On Darwin's Mistake, How a Belarusian Citadel of Atheism Trembled, and Other Stories of Archpriest Eugene Grushetsky

Today we spoke with Archpriest Eugene Grushetsky, rector of the Church of St. John of Kronstadt in San Diego, California, a biologist and Master of Theological Studies.

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Originally appeared at: Orthodox Christianity

This could only happen in the USSR

Dear Mikhail and Olga, you ask me to tell you about the Providence of God in my life and how it led me to my priestly ministry. I will be happy to share the memories of my childhood and youth with you.

I was born in 1949 and grew up in the 1950s. At that time, Nikita Khrushchev was eager to show the country the last priest and was determined to destroy the Russian Orthodox Church completely. In the late 1950s and early 1960s the number of churches in the USSR was nearly halved, and five theological seminaries were closed—it was another wave of persecution.

I was raised in an ordinary non-religious family. It was a typical Soviet family, so we hardly ever talked about God or the Church. We weren’t atheists either; rather, we were critical of atheism. The fact that a young man from such an ordinary Soviet family converted to God was undoubtedly an act of Divine Providence.

My father worked as a geologist and my mother always travelled with him. They were constantly searching for some fossils. The story of how they first met was interesting (this could only happen in the USSR): my father studied to be a geologist in Kiev and then was sent to work in Kamchatka. My mother was born in Chechnya, but she wasn’t a Chechen—she came from an old Cossack family. Her parents were oil industry workers; they worked in Sakhalin, then together with their daughter they came to Kamchatka, and at that time my father was investigating the earth’s depths there.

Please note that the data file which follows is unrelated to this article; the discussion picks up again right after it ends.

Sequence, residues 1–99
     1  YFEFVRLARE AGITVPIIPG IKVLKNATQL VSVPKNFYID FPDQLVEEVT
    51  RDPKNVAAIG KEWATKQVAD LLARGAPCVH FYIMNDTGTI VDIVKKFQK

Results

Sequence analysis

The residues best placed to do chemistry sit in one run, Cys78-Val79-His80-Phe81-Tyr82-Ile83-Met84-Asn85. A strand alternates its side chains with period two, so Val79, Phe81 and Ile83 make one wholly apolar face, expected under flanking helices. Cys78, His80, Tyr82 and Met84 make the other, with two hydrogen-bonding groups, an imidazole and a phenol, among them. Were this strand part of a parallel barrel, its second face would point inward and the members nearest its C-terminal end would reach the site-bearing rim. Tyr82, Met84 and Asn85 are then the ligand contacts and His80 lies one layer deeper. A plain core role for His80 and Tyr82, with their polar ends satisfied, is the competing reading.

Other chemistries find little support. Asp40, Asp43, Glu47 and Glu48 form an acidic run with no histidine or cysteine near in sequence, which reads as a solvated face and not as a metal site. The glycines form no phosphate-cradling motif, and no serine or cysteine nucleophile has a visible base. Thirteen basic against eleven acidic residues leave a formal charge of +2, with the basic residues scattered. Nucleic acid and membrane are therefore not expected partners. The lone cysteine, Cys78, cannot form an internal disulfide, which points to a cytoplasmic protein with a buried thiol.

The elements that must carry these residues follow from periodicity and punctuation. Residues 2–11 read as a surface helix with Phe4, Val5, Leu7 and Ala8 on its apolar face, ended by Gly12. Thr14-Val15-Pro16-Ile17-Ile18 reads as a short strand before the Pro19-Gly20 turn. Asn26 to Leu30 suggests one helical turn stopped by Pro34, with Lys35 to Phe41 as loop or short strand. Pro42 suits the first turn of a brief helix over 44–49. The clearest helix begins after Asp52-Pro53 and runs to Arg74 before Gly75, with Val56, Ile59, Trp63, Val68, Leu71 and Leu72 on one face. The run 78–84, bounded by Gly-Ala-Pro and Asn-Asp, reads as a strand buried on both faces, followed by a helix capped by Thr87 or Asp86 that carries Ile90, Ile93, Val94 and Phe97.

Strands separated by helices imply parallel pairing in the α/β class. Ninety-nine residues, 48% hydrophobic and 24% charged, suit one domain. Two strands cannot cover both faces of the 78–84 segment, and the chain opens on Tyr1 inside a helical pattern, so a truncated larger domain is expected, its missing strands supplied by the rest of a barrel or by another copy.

My mother worked at a library there. One day my father, a bookworm, came there and saw my young mother. And that was it... They became a happy family with three sons. I, their firstborn, was born in the village of geologists in Kamchatka, near the Klyuchevskaya Sopka stratovolcano.

The Klyuchevskaya Sopka volcano on Kamchatka

The Klyuchevskaya Sopka volcano on Kamchatka  

I really wanted to find out how life arose on Earth

Since my father didn’t find anything special in Kamchatka, we moved to Minsk where I graduated from high school. From childhood I was interested in the eternal questions of existence. I wanted to know how life originated on Earth, how animals, birds, and humans appeared. My father encouraged me, bringing me various stones and rock samples from his expeditions, and I enjoyed scrutinizing them and thinking about the creation of the world. My father and I loved to go to a second-hand bookstore to buy books for our family library.

So, no one in my family was surprised when I decided to study at the Biology Department of Belarusian State University. When we were studying philosophy there, I learned that there were such Russian philosophers as Vladimir Soloviov and Nicolai Berdyayev. I was happy that there were not only Lenin, Marx and Engels. In 1971, I graduated from the university, and my father defended his Ph.D thesis at the Institute of Geology.